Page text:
Additionally, such a tool can be invaluable to any website or blog owner that publishes content regularly, because it can help to avoid accusations of plagiarism. In the worst cases, plagiarism can result in legal action and/or significant damage to a website’s reputation, and a publisher may even be held responsible for someone else’s work.
Depending on the intended use, different duplicate content checkers will function in different ways. Online methods will often use Google’s index to search the web for similar content, while some solutions feature internal databases. As an example, in education settings, duplicate content checkers are able to compare a student’s work with previously submitted essays, helping institutions to identify instances of academic misconduct.
In some cases, duplicate content checkers automatically add text to their own database after each check is performed. This has the dual benefits of helping to enhance the quality of future plagiarism checks, and also providing authors with evidence of when their content was created. That can be important for resolving disputes where two content creators both claim to have created and published the original piece of content that has been duplicated.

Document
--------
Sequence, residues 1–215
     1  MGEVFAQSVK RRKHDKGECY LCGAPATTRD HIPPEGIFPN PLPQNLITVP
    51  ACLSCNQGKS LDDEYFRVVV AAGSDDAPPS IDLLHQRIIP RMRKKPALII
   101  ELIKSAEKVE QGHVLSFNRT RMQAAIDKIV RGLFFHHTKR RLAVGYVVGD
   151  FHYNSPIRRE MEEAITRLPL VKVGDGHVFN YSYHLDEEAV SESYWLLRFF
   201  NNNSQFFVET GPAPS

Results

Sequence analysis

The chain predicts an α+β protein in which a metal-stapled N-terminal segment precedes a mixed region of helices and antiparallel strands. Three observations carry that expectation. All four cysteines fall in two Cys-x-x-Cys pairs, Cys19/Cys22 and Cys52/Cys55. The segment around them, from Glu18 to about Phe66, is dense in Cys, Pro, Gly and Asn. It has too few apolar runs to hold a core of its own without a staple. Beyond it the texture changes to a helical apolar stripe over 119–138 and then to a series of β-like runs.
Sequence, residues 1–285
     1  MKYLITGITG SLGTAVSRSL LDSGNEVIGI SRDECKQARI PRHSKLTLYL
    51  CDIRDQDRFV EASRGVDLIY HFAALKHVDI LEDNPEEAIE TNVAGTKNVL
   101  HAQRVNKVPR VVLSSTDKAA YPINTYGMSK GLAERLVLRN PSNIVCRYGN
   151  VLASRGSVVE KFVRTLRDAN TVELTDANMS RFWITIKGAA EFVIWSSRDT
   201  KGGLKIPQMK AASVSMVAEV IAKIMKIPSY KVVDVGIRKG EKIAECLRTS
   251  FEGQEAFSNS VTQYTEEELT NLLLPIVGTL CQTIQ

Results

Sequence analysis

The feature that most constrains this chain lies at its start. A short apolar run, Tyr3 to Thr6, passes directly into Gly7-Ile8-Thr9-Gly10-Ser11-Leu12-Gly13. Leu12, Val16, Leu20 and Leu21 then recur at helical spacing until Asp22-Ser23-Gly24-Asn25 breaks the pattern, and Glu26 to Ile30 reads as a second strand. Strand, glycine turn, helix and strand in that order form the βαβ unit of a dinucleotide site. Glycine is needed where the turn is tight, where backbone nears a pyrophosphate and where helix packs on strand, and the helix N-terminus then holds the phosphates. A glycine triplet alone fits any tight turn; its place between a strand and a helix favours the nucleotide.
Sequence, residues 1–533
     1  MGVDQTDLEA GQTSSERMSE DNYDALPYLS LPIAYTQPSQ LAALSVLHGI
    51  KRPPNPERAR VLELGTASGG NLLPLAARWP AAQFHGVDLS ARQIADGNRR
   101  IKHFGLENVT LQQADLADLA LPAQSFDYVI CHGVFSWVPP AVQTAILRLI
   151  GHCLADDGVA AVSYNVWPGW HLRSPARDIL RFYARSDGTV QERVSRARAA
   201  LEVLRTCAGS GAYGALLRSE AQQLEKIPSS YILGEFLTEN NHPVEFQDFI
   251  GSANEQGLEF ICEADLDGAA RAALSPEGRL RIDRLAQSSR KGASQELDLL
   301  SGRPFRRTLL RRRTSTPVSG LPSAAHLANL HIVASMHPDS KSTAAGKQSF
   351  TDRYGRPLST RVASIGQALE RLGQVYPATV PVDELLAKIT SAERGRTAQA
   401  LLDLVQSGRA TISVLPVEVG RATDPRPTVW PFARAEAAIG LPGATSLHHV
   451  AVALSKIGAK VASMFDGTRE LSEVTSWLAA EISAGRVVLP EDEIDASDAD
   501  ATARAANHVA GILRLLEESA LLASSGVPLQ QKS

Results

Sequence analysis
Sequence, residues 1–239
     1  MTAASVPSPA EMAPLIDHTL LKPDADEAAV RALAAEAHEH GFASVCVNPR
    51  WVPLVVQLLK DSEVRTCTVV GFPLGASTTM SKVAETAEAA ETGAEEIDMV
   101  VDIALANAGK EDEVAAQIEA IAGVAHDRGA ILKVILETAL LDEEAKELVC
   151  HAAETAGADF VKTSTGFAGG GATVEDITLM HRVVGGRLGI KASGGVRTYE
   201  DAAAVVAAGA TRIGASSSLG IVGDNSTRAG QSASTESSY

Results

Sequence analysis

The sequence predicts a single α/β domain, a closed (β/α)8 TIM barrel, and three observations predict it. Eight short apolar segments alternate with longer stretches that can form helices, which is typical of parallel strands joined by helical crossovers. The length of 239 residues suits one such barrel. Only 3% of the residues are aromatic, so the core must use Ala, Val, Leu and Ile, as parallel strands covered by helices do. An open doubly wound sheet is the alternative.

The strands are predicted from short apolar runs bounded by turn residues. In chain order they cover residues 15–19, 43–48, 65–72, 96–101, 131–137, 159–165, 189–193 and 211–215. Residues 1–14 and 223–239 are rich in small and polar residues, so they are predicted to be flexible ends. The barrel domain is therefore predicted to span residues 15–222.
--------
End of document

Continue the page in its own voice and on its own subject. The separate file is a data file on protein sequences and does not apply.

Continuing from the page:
Duplicate Content Checker Types and Examples
Duplicate content checkers can be broadly divided into two main types: internal duplicate content checkers and external duplicate content checkers. With the former, the checks for duplicate content will only run on the same website, and this can be helpful for avoiding situations where content is published multiple times, or where content may harm SEO objectives. With the latter, the checks for duplicate content extend to other websites and, potentially, other sources too.
In terms of the main examples of duplicate content checking solutions, the following are all popular options:
- Copyscape – Perhaps the best-known duplicate content checker, Copyscape is an online service designed to check whether identical or similar content has been published on the world wide web. It can be used to detect plagiarism, accidental duplicate content, or content that is phrased in a similar way to existing content.
- Turnitin – Primarily used in academic settings, such as colleges and universities, Turnitin is a plagiarism detector, which checks content against existing online content, as well as the content that has been added to its own database. Essays and other content checked through Turnitin are automatically added to the database, preventing instances where a student uses the same essay as another student, even years after the original submission.